Alessandra groaned inwardly. There needed to be two of her. “All right. Give me a minute and I’ll meet you on the bridge.”

As soon as the page was gone, she was tempted to crawl into her bed and go back to sleep. Instead, she changed her uniform, ran cold water over her face, retied her hair, splashed more water on her face, then dragged herself to the bridge.

“There is an emergency communication the bridge staff must see, Commander,” the Aydan-machine said just as she arrived.

“Play it,” Alessandra said.

Pavi Valshorn appeared on Alessandra’s internal interface, as well as the external interfaces on the bridge. There were dark circles under her eyes, but she was grinning and bouncing.

“Hi there, mon commandant. If you’re seeing this video, I’m afraid that’s checkmate to you. Your ship’s computer has queried the Kempari network and found it wide awake and kicking. This is a prerecorded message so I don’t know what the situation is, but if you’re up to shenanigans I’d recommend cutting them out right away. The Kempari network has nodes spread throughout the system, so there’s not a lot you can do without violating its sentient space. You are hereby granted permission to contact us for any guidance or assistance you might need withdrawing and taking down the blockade. Oh, and if you want to pay reparations, let us know and we can write up a bill.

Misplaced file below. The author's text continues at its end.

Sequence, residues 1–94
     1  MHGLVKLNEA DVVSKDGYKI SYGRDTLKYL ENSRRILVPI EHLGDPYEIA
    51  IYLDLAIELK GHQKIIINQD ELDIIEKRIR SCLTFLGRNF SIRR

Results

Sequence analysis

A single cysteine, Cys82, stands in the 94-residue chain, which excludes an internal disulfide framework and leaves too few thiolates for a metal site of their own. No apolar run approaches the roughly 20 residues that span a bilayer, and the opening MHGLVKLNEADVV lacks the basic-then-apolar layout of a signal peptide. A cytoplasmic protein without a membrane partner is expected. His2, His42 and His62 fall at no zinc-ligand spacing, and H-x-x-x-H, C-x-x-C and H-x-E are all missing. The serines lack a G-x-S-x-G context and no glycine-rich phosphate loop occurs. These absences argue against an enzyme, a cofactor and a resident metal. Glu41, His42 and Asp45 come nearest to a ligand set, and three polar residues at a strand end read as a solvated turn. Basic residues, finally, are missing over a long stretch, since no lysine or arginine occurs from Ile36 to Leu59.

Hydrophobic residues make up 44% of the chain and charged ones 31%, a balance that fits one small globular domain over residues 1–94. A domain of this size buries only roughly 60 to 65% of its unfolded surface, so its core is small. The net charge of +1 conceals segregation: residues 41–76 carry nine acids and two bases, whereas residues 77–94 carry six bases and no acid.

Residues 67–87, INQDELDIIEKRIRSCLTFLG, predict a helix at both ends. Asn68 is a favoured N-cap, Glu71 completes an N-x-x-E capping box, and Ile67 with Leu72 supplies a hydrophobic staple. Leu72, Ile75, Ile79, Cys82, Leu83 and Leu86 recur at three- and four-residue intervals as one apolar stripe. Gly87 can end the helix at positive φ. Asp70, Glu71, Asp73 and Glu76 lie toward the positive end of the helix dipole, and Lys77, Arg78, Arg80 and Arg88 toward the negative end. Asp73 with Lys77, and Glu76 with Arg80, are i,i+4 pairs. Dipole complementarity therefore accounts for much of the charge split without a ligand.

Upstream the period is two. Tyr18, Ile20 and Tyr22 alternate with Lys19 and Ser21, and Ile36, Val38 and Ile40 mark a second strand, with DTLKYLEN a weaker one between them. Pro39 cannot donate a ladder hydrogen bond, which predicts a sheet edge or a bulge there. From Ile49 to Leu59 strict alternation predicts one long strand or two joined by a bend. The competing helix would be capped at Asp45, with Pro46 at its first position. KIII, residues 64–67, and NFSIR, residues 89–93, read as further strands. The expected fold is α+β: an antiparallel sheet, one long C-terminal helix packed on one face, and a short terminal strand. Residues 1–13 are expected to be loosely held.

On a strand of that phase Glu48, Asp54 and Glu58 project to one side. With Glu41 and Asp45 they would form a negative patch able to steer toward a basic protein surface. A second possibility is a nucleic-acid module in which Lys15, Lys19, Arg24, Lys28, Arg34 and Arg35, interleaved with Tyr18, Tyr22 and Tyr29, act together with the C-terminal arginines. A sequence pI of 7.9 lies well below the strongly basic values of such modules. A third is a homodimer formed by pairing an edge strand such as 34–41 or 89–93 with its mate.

“On a more personal note, those prototypes you contracted me to find are here, and you controlled the territory when they got here, so I’m considering that contract fulfilled. Contact Mike for details on delivering payment. Thanks.” The video feed lasted long enough to show her waving at the camera.

“Is that true?” Alessandra asked. “They’ve woken up their network?”

“I have verified it, Commander,” the computer replied.

Alessandra engaged in a fit of highly unprofessional cussing. “Does that video feed accurately represent the wishes of the Kempari network?”

“It does, Commander.”